Monsignor Scicluna has either given a sort of informal interview, or either imprudently spoken in front of a microphone he thought was switched off (there's a delightful episode of “Yes, Prime Minister” concerning such events; but Gordon Brown's “bigoted woman” incident also comes to mind), and has said thePontiff Emeritus chose to decapitate himself in order to get rid in one fell swoop of the many who also needed to be, erm, decapitated.
Monsignor's utterances are clearly evocative of glorious episodes of the past: the battle of Alesia, where Caesar's soldiers recurred to the unusual step of committing collective suicide, thus destroying Gaul rebels twenty times their number; or the battle of Lepanto, where the audacious decision to scuttle the Christian fleet inflicted a mortal blow to the Ottomans. The unforgettable self-decapitation of St. Pius the Tenth in order to uproot the terrible heresy of Modernism is, I am sure, also in every reader's mind.
In this case, though, there appears to be a small problem Monsignor Scicluna might not have, in his spontaneous utterances, adequately considered: the Pontiff Emeritus neglected to say who are those meant to be decapitated with him. This might have the unintended consequence that not one of them finds his head permanently separated from his neck, of course with the exception of the Pontiff. In fact, the audacious move leaves the Cardinals in the unusual position of not knowing who should be picked as executioner, with the concrete risk they pick one of those who should be executed instead. Boldly, the Pontiff Emeritus chose to get rid of himself, without getting rid of those he meant to have executed.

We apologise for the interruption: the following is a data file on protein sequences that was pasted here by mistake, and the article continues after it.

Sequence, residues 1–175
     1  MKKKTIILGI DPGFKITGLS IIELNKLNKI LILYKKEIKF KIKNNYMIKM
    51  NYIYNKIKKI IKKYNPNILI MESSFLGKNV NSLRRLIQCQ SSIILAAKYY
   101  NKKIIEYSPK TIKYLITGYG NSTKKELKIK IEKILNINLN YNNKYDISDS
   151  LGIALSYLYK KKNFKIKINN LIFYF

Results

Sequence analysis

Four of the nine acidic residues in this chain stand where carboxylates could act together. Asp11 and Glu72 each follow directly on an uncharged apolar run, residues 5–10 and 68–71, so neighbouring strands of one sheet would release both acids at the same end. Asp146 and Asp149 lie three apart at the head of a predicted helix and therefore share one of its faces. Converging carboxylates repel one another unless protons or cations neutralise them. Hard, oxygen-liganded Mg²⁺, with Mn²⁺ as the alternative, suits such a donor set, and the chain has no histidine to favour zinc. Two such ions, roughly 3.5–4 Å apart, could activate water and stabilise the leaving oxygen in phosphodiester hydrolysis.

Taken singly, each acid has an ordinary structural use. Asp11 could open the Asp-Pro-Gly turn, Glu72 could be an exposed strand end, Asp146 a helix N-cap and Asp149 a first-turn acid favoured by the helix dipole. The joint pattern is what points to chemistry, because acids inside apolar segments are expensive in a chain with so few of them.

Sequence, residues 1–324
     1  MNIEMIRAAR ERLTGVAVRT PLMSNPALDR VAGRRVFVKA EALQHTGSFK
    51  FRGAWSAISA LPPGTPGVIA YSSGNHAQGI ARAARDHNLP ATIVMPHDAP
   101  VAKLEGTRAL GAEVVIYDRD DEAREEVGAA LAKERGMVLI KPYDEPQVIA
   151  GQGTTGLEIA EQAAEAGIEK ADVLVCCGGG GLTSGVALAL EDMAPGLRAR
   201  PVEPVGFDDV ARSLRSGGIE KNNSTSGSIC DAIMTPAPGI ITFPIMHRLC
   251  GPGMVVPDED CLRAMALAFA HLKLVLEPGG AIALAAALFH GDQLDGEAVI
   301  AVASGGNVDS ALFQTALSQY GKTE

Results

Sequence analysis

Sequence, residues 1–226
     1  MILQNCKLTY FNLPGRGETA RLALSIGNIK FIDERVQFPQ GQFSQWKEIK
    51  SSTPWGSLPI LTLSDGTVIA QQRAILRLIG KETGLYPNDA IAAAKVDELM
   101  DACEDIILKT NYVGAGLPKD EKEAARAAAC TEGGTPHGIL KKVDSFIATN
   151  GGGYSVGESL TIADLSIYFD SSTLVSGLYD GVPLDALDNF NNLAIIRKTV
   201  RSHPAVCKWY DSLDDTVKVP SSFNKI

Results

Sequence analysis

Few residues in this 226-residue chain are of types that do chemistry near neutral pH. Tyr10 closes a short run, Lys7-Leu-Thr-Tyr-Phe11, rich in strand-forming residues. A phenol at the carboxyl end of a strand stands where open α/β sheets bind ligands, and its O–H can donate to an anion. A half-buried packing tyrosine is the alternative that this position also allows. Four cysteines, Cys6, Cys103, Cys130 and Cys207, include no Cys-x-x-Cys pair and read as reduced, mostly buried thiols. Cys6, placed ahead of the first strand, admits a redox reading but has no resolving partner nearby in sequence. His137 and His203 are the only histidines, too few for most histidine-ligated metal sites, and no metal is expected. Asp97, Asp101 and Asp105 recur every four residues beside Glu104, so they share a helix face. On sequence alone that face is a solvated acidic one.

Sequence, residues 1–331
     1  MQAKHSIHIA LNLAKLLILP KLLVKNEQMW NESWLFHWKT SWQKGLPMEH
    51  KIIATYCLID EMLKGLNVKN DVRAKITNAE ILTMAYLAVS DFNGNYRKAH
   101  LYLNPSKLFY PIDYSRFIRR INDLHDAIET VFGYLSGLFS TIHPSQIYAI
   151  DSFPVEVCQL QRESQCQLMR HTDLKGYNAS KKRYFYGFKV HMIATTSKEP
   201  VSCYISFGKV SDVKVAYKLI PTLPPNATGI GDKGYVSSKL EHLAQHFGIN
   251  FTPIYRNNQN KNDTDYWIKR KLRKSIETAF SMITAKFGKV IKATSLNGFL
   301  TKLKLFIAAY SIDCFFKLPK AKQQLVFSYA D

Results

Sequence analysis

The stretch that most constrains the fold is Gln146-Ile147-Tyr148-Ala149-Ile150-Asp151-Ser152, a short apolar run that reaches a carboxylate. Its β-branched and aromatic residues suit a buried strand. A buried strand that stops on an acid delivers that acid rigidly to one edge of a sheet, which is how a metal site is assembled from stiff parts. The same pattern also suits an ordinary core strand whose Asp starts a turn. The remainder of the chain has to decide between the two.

Truly, what a difference with Alesia, Lepanto, and St. Pius X!